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Porous micropillar structures for retaining low surface tension liquids
- Agonafer, Damena D., Lee, Hyoungsoon, Vasquez, Pablo A., Won, Yoonjin, Jung, Ki Wook, Lingamneni, Srilakshmi, Ma, Binjian, Shan, Li, Shuai, Shuai, Du, Zichen, Maitra, Tanmoy, Palko, James W., Goodson, Kenneth E.
- Journal of colloid and interface science 2018 v.514 pp. 316-327
- Gibbs free energy, anisotropy, capillarity, deformation, geometry, heat exchangers, liquids, mathematical models, microfluidic technology, prediction, silicon, surface tension, theoretical models, viscosity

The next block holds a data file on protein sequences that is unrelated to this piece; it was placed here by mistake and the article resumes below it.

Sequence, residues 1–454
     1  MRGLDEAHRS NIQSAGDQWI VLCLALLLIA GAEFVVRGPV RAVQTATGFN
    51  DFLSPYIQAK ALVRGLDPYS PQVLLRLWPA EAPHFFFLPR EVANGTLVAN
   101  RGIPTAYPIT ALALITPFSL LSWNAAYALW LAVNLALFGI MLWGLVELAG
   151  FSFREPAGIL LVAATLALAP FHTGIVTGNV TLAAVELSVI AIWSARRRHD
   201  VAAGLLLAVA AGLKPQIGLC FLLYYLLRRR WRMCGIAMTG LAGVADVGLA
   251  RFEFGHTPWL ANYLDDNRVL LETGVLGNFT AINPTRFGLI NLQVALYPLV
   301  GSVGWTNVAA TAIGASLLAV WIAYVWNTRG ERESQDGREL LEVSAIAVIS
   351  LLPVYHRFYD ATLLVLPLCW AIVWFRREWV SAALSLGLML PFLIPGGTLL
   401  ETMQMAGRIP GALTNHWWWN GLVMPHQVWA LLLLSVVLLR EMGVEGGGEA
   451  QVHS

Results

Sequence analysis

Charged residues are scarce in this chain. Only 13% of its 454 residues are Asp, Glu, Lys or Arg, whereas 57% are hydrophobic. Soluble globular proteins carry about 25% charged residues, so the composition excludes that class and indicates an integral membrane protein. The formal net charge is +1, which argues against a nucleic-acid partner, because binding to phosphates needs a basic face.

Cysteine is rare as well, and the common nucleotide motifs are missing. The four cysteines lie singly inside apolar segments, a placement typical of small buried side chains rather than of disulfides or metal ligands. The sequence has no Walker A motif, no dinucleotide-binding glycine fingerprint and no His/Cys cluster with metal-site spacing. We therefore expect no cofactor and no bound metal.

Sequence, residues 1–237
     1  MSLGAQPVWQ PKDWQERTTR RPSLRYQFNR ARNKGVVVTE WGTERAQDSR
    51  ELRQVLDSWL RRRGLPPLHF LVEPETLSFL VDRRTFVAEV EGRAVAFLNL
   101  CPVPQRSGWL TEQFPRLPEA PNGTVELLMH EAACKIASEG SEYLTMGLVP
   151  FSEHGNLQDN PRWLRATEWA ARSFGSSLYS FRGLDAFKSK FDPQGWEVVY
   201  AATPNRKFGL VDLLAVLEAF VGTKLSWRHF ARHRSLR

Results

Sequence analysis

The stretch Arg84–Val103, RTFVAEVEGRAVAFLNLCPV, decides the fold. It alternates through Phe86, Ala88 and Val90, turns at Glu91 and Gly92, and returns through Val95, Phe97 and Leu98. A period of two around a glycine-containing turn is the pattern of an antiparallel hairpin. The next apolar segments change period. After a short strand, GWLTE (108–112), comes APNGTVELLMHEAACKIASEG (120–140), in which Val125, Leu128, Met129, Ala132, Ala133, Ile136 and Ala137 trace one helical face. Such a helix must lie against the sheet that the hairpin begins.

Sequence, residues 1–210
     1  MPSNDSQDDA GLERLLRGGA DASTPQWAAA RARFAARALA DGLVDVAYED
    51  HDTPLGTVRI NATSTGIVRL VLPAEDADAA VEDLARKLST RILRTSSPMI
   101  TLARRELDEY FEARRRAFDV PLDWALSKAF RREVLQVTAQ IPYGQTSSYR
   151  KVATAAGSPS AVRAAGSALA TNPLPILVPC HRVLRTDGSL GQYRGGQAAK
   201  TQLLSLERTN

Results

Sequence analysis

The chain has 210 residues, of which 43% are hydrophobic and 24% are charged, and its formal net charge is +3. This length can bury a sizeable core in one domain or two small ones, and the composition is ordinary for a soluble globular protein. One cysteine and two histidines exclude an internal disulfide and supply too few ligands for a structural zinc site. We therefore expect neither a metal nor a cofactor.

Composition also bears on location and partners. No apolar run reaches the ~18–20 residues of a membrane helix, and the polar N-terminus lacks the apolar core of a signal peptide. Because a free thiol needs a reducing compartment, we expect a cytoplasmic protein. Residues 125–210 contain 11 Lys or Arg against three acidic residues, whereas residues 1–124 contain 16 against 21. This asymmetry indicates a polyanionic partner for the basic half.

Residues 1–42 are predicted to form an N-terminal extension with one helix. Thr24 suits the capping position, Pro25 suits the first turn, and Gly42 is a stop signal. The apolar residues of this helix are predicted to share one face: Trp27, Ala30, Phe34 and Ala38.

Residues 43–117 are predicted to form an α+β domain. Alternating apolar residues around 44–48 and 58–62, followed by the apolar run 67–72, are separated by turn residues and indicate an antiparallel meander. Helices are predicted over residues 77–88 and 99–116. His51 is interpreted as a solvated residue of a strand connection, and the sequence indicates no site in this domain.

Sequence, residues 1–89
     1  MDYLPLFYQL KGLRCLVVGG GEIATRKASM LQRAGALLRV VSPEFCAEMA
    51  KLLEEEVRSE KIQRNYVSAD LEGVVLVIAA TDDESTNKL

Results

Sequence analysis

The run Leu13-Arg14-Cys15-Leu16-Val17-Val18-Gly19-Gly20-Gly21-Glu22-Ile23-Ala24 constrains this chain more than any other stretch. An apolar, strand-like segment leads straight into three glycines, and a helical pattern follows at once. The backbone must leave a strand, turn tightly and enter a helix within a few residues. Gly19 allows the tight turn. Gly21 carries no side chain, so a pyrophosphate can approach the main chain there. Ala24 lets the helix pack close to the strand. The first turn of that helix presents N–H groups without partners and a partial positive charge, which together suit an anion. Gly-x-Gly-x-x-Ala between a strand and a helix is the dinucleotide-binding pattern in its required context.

- The ability to manipulate fluid interfaces, e.g., to retain liquid behind or within porous structures, can be beneficial in multiple applications, including microfluidics, biochemical analysis, and the thermal management of electronic systems. While there are a variety of strategies for controlling the disposition of liquid water via capillarity, such as the use of chemically modified porous adhesive structures and capillary stop valves or surface geometric features, methods that work well for low surface tension liquids are far more difficult to implement. This study demonstrates the microfabrication of a silicon membrane that can retain exceptionally low surface tension fluorinated liquids against a significant pressure difference across the membrane via an array of porous micropillar structures. The membrane uses capillary forces along the triple phase contact line to maintain stable liquid menisci that yield positive working Laplace pressures. The micropillars have inner diameters and thicknesses of 1.5–3 μm and ∼1 μm, respectively, sustaining Laplace pressures up to 39 kPa for water and 9 kPa for Fluorinert™ (FC-40). A theoretical model for predicting the change in pressure as the liquid advances along the porous micropillar structure is derived based on a free energy analysis of the liquid meniscus with capped spherical geometry. The theoretical prediction was found to overestimate the burst pressure compared with the experimental measurements. To elucidate this deviation, transient numerical simulations based on the Volume of Fluid (VOF) were performed to explore the liquid pressure and evolution of meniscus shape under different flow rates (i.e., Capillary numbers). The results from VOF simulations reveal strong dynamic effects where the anisotropic expansion of liquid along the outer micropillar edge leads to an irregular meniscus shape before the liquid spills along the micropillar edge. These findings suggest that the analytical prediction of burst Laplace pressure obtained under quasi-static condition (i.e., equilibrium thermodynamic analysis under low capillary number) is not applicable to highly dynamic flow conditions, where the liquid meniscus shape deformation by flow perturbation cannot be restored by surface tension force instantaneously. Therefore, the critical burst pressure is dependent on the liquid velocity and viscosity under dynamic flow conditions. A numerical simulation using Surface Evolver also predicts that surface defects along the outer micropillar edge can yield up to 50% lower Laplace pressures than those predicted with ideal feature geometries. The liquid retention strategy developed here can facilitate the routing and phase management of dielectric working fluids for application in heat exchangers. Further improvements in the retention performance can be realized by optimizing the fabrication process to reduce surface defects.